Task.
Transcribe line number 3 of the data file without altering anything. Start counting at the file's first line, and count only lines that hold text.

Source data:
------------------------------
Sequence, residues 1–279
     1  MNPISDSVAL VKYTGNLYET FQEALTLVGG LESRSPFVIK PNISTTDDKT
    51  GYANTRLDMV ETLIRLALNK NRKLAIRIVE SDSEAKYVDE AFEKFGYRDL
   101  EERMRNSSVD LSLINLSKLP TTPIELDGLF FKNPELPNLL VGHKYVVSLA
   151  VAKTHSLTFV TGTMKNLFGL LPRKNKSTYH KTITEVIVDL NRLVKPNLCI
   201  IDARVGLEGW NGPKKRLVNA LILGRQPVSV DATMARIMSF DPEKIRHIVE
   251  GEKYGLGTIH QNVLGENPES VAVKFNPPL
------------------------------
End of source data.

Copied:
    51  GYANTRLDMV ETLIRLALNK NRKLAIRIVE SDSEAKYVDE AFEKFGYRDL